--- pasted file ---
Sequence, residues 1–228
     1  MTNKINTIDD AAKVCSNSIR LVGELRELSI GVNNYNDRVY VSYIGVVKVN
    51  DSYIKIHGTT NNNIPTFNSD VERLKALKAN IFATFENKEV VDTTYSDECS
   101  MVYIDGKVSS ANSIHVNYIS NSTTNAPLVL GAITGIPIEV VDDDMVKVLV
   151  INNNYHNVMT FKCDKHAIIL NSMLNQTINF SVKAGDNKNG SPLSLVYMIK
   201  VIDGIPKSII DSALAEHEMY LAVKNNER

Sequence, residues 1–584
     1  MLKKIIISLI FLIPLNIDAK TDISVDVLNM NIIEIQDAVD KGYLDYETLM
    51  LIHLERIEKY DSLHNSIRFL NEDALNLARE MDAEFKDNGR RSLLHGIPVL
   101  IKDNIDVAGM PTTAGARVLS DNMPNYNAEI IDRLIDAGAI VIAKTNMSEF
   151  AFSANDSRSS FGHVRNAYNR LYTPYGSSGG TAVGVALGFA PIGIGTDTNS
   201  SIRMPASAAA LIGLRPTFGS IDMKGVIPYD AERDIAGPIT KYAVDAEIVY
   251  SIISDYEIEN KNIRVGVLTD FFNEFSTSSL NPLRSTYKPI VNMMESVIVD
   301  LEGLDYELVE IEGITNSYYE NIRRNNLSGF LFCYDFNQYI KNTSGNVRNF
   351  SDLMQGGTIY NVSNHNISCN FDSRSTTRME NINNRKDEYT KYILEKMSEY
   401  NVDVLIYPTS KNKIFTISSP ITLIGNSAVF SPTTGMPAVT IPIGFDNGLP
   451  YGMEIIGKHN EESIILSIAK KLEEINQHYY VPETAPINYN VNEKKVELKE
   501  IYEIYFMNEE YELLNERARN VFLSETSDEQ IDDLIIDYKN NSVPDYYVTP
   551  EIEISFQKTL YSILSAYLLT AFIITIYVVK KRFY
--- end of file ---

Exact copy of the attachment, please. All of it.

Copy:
Sequence, residues 1–228
     1  MTNKINTIDD AAKVCSNSIR LVGELRELSI GVNNYNDRVY VSYIGVVKVN
    51  DSYIKIHGTT NNNIPTFNSD VERLKALKAN IFATFENKEV VDTTYSDECS
   101  MVYIDGKVSS ANSIHVNYIS NSTTNAPLVL GAITGIPIEV VDDDMVKVLV
   151  INNNYHNVMT FKCDKHAIIL NSMLNQTINF SVKAGDNKNG SPLSLVYMIK
   201  VIDGIPKSII DSALAEHEMY LAVKNNER

Sequence, residues 1–584
     1  MLKKIIISLI FLIPLNIDAK TDISVDVLNM NIIEIQDAVD KGYLDYETLM
    51  LIHLERIEKY DSLHNSIRFL NEDALNLARE MDAEFKDNGR RSLLHGIPVL
   101  IKDNIDVAGM PTTAGARVLS DNMPNYNAEI IDRLIDAGAI VIAKTNMSEF
   151  AFSANDSRSS FGHVRNAYNR LYTPYGSSGG TAVGVALGFA PIGIGTDTNS
   201  SIRMPASAAA LIGLRPTFGS IDMKGVIPYD AERDIAGPIT KYAVDAEIVY
   251  SIISDYEIEN KNIRVGVLTD FFNEFSTSSL NPLRSTYKPI VNMMESVIVD
   301  LEGLDYELVE IEGITNSYYE NIRRNNLSGF LFCYDFNQYI KNTSGNVRNF
   351  SDLMQGGTIY NVSNHNISCN FDSRSTTRME NINNRKDEYT KYILEKMSEY
   401  NVDVLIYPTS KNKIFTISSP ITLIGNSAVF SPTTGMPAVT IPIGFDNGLP
   451  YGMEIIGKHN EESIILSIAK KLEEINQHYY VPETAPINYN VNEKKVELKE
   501  IYEIYFMNEE YELLNERARN VFLSETSDEQ IDDLIIDYKN NSVPDYYVTP
   551  EIEISFQKTL YSILSAYLLT AFIITIYVVK KRFY